Polish startups also have open access to a lot of government backed up programs dedicated to startups, and as you’ve noticed in your blog post related to this topic this may cause a problem in terms of building real innovations in our country. On the other hand, due to lack of private capital, young entrepreneurs sometimes have no other choice to start their business, so they choose to do it by taking some public funding.

What are your plans for the future of 2040.io?

We started only with our private money, and the company was also backed up by two business angels. We are currently raising our first early seed round, as we need some money to grow sales and expand our development team. We are talking with both government backed funds, and private ones, so after we finish this stage I hope I will be able to share with you some thoughts regarding the process.

In terms of product, as I mentioned we are now testing our first version of Edward with customers, getting feedback and tuning it to their needs. The plan is to stay on Polish market till the end of 2017, as the product will be technically finished and ready to scale abroad. That means we are now looking for B2B companies from all over the world, that are willing to try the beta version and share their feedback with us. If you are interested in testing Edward, feel free to register on our webpage http://edward.ai/ or contact me directly.

Polish AI/ML Geeks: Let’s Meetup in Krakow, June 8, 2017

We’re very pleased to announce that StartupYard will partner with Krakow’s largest Artificial Intelligence meetup, for a June 8th event, where AI founders will have the opportunity to pitch StartupYard, and learn more about how StartupYard can change the course of a deep tech company.

The Krakow Artificial Intelligence Meetup

For this event, StartupYard partners with the Krakow Artificial Intelligence Meetup. Run by AI entrepreneur and friend of StartupYard Tomasz Weselowski, the meetup was founded in August 2016, and has attracted over 700 members since then, running 3 events so far.

About The Meetup:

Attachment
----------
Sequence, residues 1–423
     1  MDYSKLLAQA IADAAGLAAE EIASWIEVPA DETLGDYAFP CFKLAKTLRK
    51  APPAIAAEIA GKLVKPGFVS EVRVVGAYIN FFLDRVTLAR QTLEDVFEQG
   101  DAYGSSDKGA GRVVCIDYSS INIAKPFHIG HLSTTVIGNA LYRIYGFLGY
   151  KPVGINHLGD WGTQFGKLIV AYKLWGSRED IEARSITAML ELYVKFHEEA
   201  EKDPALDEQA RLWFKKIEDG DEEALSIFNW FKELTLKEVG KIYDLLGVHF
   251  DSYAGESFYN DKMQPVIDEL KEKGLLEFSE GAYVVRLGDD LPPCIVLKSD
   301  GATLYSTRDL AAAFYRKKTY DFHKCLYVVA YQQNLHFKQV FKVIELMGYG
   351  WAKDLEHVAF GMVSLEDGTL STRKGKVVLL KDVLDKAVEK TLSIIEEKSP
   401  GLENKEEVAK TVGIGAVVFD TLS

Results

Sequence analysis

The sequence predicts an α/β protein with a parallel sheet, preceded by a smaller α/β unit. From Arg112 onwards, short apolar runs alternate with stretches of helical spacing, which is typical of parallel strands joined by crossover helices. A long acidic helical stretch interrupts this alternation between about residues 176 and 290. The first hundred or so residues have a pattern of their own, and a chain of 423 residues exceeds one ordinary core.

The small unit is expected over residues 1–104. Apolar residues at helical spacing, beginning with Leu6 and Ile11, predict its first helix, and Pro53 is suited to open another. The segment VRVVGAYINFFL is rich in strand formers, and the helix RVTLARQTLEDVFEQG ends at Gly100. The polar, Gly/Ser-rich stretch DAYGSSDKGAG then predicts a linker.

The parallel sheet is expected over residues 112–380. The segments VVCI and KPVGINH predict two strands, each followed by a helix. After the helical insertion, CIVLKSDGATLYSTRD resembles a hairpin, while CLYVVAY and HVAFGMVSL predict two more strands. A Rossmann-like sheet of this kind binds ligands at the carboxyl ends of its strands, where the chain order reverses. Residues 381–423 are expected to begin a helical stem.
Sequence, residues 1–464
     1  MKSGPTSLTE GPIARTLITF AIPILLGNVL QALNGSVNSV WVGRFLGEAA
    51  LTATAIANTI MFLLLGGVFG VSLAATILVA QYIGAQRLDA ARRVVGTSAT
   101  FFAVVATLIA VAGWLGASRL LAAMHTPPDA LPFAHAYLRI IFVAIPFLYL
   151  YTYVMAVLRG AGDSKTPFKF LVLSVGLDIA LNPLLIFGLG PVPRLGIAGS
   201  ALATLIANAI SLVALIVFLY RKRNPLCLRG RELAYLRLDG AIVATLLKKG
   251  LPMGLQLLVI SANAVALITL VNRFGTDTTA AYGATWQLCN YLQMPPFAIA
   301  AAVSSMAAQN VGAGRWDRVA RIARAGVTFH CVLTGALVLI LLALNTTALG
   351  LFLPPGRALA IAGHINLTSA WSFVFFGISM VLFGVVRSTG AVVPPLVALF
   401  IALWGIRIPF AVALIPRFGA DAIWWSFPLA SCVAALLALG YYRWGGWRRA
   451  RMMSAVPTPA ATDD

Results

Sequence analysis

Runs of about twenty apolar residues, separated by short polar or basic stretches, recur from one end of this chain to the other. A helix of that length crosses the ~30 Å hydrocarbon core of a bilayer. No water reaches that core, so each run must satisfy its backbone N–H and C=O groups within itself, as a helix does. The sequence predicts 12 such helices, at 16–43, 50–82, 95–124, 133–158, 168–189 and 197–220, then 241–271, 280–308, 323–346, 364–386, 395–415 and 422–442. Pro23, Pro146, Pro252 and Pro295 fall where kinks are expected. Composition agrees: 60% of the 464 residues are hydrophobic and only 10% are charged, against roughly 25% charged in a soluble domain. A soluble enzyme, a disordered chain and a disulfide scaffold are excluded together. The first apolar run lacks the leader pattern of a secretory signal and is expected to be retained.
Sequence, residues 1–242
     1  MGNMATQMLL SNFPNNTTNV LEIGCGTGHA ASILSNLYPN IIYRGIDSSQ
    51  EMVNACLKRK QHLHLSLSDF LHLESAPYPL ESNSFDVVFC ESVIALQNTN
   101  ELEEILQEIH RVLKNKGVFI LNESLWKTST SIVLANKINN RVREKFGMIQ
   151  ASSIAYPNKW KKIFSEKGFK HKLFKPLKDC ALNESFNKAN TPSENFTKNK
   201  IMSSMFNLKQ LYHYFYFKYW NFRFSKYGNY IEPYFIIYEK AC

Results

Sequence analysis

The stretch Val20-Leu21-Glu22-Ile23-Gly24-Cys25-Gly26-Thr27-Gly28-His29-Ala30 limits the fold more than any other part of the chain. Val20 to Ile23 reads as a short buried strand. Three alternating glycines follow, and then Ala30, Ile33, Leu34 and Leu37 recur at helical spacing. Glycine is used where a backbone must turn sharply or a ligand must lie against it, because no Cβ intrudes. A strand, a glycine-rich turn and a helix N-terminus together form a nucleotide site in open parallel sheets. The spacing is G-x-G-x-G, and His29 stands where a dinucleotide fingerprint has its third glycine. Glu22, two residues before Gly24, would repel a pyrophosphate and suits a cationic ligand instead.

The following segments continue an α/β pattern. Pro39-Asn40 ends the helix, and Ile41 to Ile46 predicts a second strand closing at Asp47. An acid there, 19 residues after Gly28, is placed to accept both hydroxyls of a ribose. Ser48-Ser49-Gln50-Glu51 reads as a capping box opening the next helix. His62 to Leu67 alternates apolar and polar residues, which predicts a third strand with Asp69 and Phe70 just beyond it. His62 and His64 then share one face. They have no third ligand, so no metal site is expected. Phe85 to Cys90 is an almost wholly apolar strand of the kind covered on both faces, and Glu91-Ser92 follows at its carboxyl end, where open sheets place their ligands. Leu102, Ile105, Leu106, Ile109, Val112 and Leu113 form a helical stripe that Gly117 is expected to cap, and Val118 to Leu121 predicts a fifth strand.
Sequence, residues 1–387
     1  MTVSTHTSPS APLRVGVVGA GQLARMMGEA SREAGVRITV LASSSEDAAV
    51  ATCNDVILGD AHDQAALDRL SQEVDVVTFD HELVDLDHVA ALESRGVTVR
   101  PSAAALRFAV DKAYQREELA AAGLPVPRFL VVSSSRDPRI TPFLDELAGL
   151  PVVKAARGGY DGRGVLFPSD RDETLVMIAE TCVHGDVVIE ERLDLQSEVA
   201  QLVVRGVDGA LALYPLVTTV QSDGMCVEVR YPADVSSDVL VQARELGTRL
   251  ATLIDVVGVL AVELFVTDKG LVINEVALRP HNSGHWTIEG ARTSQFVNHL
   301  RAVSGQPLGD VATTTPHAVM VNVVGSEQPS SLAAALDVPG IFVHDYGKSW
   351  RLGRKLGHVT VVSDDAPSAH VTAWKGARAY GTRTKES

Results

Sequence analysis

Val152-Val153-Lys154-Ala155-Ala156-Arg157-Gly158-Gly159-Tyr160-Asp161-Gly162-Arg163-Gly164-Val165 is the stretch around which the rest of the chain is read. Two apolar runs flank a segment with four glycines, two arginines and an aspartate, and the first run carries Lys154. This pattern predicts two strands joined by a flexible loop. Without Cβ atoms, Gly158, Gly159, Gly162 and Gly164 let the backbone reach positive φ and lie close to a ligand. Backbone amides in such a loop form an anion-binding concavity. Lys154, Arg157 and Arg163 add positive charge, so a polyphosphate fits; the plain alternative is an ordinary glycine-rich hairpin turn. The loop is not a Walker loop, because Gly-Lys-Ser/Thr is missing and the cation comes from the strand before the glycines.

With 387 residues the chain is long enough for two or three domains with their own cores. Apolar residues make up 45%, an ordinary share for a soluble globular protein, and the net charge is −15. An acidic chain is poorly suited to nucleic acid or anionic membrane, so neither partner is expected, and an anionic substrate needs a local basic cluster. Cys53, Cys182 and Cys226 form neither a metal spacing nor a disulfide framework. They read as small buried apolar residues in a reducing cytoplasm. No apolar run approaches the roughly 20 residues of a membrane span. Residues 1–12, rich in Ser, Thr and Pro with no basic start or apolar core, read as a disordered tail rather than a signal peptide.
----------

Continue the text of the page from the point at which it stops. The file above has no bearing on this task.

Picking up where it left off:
StartupYard’s management team will give a presentation on workshop aimed at AI specialists and ML geeks, on the benefits of acceleration, and building a global business, among other topics. There will be a list of other speakers announced shortly via the meetup group’s meetup page.

Here are the presentation and workshop:

Presentation: From Genius Idea to a Global Business: Creating AI Startups from Scratch

Cedric Maloux has been an internet entrepreneur almost since there has been an internet. He started his first major online venture in 1996, and sold it in 2000. He’s been starting new ones ever since. StartupYard, which Maloux runs as Managing Director, helps technically sophisticated developers and makers turn their ideas into real, growing businesses. In recent years, we have helped launch a series of high tech startups including TeskaLabs, Neuron Soundware, Cryptelo, and Rossum.ai. Find out how these startups went from a brilliant idea, to companies serving clients all over the world with cutting edge technologies. –Hosted by StartupYard MD Cedric Maloux. 18:00-19:00, Tuesday June 6th at TechHub Bucharest.

 

Making it Real: Storytelling and Positioning for Deep Tech.

In this spellbinding workshop, Lloyd Waldo, creative marketing veteran of dozens of startups, will show entrepreneurs how early stage companies can apply practical storytelling skills to convince their earliest stakeholders (including cofounders, investors, customers, and employees), of the power of a new idea. Learn to instinctively transform ideas from dry descriptions and speculation into compelling narratives, that put you in control of the conversation. Learn how simple positioning and framing devices can help you to achieve greater clarity in your ideas, and persuade others to believe in what you do.
Hosted by StartupYard Community Manager Lloyd Waldo , 14:00-15:30, Tuesday June 6th at TechHub Bucharest.